Book Review: Gold Rush In The Jungle
Gold Rush In The Jungle by Dan Drollette Jr, The Race to Discover and Defend the Rarest Animals of Vietnam’s “Lost World” (Crown Publishers, New York, 316 pages, $25.00)
Award-winning science writer Dan Drollette’s first book is as exciting as an Indiana Jones jungle adventure, with important differences. The good guys and the bad guys in “Gold Rush in the Jungle” are real people, and the timely tale is true.
Drollette’s story begins in 1997, when he traveled to Vietnam to check out the story he’d heard that biologists are discovering unique species of mammals in the remote jungles near the borders of Cambodia and Laos. The story is accurate. Their finds include such peculiar creatures as a deer that barks and the spotted Annam flying frog. No sooner did scientists identify new species, however, than they realized that the rare animals were on the verge of extinction.
Unfortunately, preserves established by dedicated conservationists and scientists are not sufficient to save the animals. Developers cutting down the jungle destroy the habitat that sustains the rare animals.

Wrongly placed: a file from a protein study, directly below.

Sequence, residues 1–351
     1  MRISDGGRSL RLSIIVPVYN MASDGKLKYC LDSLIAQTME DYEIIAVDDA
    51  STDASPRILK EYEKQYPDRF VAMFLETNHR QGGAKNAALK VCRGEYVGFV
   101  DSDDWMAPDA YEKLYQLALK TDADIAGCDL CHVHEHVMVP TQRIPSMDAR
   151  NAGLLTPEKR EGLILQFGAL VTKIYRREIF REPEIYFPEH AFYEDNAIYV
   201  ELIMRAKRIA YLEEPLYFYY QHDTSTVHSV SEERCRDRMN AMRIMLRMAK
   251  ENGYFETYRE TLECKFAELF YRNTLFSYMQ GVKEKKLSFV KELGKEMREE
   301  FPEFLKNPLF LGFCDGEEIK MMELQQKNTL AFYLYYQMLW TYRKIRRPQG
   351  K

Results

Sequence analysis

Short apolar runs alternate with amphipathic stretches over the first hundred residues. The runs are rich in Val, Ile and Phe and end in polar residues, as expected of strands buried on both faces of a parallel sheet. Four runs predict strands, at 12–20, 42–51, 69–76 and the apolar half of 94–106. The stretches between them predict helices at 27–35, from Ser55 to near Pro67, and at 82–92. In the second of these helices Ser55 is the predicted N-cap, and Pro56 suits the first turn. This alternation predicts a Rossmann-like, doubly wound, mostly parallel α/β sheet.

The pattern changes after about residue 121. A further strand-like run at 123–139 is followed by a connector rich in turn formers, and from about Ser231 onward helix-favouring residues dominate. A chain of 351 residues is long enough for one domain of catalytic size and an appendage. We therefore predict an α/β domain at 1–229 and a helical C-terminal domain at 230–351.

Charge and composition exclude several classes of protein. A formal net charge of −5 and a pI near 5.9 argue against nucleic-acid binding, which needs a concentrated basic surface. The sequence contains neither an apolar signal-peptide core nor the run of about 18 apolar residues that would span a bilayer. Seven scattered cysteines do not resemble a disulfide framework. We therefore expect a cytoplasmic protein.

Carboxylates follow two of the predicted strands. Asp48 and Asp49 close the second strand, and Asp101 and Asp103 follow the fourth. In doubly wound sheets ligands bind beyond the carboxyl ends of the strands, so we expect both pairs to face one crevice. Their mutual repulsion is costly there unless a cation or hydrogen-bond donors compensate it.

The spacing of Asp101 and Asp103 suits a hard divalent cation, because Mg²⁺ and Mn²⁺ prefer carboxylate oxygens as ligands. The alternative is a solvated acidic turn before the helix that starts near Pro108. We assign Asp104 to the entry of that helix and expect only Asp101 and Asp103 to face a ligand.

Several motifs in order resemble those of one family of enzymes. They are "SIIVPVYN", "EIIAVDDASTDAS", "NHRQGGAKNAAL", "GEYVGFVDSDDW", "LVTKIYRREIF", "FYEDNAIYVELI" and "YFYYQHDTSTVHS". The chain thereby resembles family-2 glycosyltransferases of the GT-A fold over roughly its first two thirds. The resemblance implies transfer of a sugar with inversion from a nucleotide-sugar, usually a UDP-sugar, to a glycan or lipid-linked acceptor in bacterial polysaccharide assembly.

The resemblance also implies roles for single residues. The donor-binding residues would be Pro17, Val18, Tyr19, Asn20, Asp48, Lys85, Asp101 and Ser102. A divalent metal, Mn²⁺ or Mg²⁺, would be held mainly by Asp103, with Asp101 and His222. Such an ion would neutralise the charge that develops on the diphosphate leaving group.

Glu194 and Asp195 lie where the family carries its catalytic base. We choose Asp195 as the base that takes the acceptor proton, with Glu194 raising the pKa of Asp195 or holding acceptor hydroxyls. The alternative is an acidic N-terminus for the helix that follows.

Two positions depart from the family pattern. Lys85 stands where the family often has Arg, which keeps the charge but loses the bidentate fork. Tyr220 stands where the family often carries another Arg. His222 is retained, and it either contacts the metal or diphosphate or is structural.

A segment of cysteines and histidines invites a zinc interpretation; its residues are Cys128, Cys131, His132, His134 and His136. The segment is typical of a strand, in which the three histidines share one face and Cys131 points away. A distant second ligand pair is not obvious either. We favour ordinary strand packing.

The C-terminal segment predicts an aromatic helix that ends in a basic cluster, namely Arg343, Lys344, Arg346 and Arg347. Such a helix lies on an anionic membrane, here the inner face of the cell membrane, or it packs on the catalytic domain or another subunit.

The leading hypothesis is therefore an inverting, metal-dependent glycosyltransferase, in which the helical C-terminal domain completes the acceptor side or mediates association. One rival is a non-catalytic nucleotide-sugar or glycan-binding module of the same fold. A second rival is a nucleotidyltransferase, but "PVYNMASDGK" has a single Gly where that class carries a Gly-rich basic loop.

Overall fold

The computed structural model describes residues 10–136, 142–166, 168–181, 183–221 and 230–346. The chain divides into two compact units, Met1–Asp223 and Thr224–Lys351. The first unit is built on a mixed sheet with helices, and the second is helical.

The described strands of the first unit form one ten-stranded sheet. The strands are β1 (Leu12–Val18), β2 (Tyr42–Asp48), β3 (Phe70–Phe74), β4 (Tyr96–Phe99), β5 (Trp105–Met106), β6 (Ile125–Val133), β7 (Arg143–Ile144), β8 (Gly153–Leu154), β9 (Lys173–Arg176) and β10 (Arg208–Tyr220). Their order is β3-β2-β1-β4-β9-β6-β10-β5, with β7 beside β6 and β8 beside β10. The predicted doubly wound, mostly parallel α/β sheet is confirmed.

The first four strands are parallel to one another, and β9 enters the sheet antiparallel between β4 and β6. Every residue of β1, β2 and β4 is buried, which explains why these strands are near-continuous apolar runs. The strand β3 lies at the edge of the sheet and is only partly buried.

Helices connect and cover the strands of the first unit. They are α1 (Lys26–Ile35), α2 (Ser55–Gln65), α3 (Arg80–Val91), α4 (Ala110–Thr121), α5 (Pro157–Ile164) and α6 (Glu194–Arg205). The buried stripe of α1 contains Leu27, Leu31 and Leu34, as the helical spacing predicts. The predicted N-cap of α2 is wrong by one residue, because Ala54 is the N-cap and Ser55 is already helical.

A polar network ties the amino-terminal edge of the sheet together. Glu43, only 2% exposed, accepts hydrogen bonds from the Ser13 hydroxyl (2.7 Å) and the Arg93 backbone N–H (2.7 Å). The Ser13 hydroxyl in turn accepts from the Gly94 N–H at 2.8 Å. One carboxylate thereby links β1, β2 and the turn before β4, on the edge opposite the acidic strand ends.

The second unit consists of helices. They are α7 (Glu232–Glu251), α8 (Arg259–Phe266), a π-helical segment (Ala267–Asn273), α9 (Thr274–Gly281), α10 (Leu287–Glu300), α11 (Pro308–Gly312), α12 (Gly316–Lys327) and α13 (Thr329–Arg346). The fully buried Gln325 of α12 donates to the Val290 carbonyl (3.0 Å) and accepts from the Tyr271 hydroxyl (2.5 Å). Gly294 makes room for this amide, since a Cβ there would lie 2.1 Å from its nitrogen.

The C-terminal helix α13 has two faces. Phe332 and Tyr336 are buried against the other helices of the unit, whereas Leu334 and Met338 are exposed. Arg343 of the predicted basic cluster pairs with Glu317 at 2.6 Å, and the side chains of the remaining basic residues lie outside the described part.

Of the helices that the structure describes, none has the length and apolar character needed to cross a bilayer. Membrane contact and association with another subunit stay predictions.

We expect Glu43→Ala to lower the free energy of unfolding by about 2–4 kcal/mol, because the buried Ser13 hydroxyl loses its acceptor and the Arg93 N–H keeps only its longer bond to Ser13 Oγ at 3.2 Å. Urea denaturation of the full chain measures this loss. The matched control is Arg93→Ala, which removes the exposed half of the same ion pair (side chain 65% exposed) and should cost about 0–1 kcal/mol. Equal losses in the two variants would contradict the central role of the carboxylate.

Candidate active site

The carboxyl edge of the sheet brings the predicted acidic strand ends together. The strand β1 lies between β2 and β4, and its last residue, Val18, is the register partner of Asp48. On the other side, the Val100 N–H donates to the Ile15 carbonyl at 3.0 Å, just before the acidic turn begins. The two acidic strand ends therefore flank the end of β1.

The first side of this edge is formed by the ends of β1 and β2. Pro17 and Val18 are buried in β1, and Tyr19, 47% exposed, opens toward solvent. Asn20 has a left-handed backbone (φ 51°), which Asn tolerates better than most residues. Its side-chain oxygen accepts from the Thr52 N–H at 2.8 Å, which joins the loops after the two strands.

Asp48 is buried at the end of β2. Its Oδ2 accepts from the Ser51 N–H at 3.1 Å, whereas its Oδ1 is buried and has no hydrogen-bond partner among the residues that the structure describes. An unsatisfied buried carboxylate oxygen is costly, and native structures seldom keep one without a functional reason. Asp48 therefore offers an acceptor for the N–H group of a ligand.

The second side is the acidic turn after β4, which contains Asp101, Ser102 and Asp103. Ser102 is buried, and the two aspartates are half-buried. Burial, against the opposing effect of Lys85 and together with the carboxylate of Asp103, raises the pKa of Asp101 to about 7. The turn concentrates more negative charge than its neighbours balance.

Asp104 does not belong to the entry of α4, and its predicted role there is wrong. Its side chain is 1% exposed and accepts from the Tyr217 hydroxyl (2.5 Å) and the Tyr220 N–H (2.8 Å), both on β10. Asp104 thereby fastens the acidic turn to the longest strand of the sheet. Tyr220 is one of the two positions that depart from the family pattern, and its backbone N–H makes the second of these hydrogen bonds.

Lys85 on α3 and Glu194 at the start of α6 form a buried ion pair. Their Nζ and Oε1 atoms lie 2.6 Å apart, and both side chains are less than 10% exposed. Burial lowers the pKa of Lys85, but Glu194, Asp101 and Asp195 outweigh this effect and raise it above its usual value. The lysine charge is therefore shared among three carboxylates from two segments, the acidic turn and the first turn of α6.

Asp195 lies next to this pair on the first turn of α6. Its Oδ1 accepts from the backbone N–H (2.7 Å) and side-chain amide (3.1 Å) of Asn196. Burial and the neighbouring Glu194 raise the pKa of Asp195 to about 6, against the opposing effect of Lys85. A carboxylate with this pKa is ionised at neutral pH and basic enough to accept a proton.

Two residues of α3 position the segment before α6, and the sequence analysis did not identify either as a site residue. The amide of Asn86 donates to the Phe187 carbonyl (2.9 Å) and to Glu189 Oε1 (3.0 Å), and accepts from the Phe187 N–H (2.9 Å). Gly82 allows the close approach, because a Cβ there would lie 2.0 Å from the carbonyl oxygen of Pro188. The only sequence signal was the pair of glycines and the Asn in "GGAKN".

Traders pose another serious threat. Scientists studying the animals are in competition with a lucrative underground market. Many people believe in traditional Asian medicine and folklore remedies that prescribe animal body parts as cures for disease and to increase sexual potency. With the rise of a wealthy class in China and elsewhere in the Far East, the demand threatens the survival of the animals.
“Experts put the value of the parts of a tiger at between $10,000 and $15, 000, with reports of some animals selling for as much as $30,000,” according to Drollette. Rhino horns are especially coveted. An average-sized horn may sell for $250,000.
Of course, Vietnam is not the first, nor the only place in the world where avaricious businessmen seek a fast buck. The book’s title suggests the 1849 California Gold Rush, which also was fueled by get rich quick schemes that trampled the environment and lives. The author includes instances from some of the many countries that contend with similar issues today.
Along with jungle adventures, Massachusetts author Dan Drollette Jr. weaves the history of Vietnam. He introduces people he meets during his research, among them men who fought against the U.S. during the war and the first U.S. Ambassador to Viet Nam after the war, a former prisoner of war. He is a sensitive observer, too, as he writes about the frustrations of a biologist who loses his battle to save a precious plant. His emotions surface as he views torture apparatus at the prison euphemistically called the Hanoi Hilton, where captured American soldiers were held hostage.
Like Tim O’Brien’s “The Things They Carried,” Dan Drollette’s “Gold Rush in The Jungle” deepens our knowledge and appreciation of Vietnam and its people.